CANADA FX DEBT-C$ stronger; hope for Europe helps risk appetite

Fri Sep 16, 2011 4:40pm EDT
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 * C$ climbs to C$0.9790 vs US$, or $1.0215
 * C$ touches two-week high against greenback
 * Bond prices mixed
 By Andrea Hopkins
 TORONTO, Sept 16 (Reuters) - The Canadian dollar
strengthened to touch its highest point against the greenback
in two weeks on Friday, as investor appetite for risk stretched
into a fourth day, helped by less pessimism over Europe.
 Global equities rose but the euro slid as hope Europe was
finally getting a grip on the region's debt crisis was offset
by lingering fears that Greece is still at risk of default.
 Gains in global equity markets suggested risk aversion has
dissipated, but a sharp decline in French and Italian banking
stocks, along with the euro's slide, indicated caution lingers
despite encouraging efforts to resolve the debt crisis.
 "We're capping off a decent week of risk appetite.
Dollar-Canada had been quietly rangebound despite the positive
risk backdrop and I think we just saw a little late-week,
late-afternoon follow through and strength in the Canadian
dollar that was long overdue," said Matt Perrier, director of
foreign exchange sales at BMO Capital Markets.
 The Canadian dollar CAD=D4 ended the North American
session at C$0.9790 to the U.S. dollar, or $1.0215 U.S. cents,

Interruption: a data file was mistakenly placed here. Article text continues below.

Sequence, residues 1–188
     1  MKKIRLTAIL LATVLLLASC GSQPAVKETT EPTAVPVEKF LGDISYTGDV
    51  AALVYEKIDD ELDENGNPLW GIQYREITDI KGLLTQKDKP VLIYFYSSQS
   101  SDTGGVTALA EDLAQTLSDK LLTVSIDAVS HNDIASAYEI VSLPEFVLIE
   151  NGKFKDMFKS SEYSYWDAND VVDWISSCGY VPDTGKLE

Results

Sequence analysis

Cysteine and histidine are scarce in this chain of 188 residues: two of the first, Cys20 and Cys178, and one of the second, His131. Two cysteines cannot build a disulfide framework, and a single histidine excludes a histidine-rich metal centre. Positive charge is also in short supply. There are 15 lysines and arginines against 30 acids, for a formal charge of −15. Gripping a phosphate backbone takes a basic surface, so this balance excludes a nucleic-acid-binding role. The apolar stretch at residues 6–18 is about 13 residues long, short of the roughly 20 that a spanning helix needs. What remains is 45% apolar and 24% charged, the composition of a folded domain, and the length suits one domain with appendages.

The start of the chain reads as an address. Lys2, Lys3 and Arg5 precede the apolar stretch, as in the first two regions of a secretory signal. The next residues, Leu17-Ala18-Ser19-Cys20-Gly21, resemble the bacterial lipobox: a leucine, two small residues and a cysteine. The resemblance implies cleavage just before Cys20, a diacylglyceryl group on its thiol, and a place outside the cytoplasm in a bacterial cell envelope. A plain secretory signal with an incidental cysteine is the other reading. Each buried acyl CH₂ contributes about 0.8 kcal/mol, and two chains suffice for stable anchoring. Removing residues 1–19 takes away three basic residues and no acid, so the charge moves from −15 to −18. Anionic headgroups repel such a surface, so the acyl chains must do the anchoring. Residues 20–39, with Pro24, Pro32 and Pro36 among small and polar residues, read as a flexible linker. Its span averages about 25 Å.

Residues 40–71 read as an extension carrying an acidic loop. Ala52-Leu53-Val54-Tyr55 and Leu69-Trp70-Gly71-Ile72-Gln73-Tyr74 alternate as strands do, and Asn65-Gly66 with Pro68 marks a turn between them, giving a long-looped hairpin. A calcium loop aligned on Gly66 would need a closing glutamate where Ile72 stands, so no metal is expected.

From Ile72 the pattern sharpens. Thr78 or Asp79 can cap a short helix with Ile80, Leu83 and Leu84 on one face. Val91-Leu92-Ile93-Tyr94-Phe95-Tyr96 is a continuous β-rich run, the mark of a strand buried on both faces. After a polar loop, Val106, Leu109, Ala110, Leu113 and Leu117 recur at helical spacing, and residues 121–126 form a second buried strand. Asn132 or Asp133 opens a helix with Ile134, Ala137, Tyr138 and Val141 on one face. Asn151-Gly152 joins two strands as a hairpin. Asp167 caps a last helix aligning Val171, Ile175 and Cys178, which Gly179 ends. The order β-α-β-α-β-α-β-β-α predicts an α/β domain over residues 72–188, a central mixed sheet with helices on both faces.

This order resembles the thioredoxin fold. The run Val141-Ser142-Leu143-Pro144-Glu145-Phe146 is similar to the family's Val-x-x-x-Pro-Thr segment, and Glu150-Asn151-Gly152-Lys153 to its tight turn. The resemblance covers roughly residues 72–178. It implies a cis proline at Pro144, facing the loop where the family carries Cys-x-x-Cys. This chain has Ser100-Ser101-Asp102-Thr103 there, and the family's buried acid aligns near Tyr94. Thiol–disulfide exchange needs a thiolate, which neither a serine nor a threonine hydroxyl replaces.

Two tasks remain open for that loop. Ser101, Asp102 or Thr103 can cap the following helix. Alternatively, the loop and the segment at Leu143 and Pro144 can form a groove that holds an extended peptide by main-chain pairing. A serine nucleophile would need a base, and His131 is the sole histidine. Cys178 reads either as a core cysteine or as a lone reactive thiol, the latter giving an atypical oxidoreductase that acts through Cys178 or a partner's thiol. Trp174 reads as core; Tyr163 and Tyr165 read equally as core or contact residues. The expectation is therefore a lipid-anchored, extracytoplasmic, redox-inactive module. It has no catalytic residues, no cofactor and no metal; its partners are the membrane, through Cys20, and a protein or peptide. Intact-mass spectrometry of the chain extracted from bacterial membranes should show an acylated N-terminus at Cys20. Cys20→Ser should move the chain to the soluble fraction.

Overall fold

up from Thursday's North American finish at C$0.9840 to the
U.S. dollar, or $1.0163 U.S. cents.
 The stronger close capped a week in which the Canadian
currency weakened below parity against the U.S. dollar for the
first time since Aug. 9 as fears over Europe's debt crisis
shook markets, sending investors to the relative safety and
liquidity of the U.S. dollar.
 The stronger weekly close could bode well for more gains
early next week, Perrier said.
 "(We have) made a higher high and lower low and closed
below the previous week's low. On a purely technical basis that
would suggest we could see Canada strengthen further into the
start of next week and this risk rally that we've seen over the
last four days in equities continue," he said.
 "Having said that, we've been trading from headline to
headline, and it is not inconceivable that one headline could
push us back into risk aversion mode."
 The crisis in Europe has driven market sentiment in the
last week, overshadowing any economic data.
 A U.S. report showed consumer sentiment rose in early
September, but Americans remained very gloomy about the future
with their expectations for the economy falling to the lowest
level since 1980. [ID:nS1E78F0HJ]
 In Canada, a report showed foreigners bought a record
amount of Canadian treasury bills in July as the U.S. debt
ceiling negotiations and European sovereign debt crisis shook
investor confidence. [ID:nS1E78F04I]
 Analysts said this showed Canadian assets can benefit from
safe-haven flows in uncertain markets, a factor which should
help support the Canadian dollar over time.
 Next week, Canadian inflation data to be released on
Wednesday is expected to show a moderation in consumer prices
in August, confirming a lack of inflationary pressure.
 Canadian bond prices were mixed.
 The two-year bond CA2YT=RR was off 8 Canadian cents to
yield 1.064 percent, while the 10-year bond CA10YT=RR was up
3 Canadian cents to yield 2.292 percent.
 (Additional reporting by Claire Sibonney; Editing by Jeffrey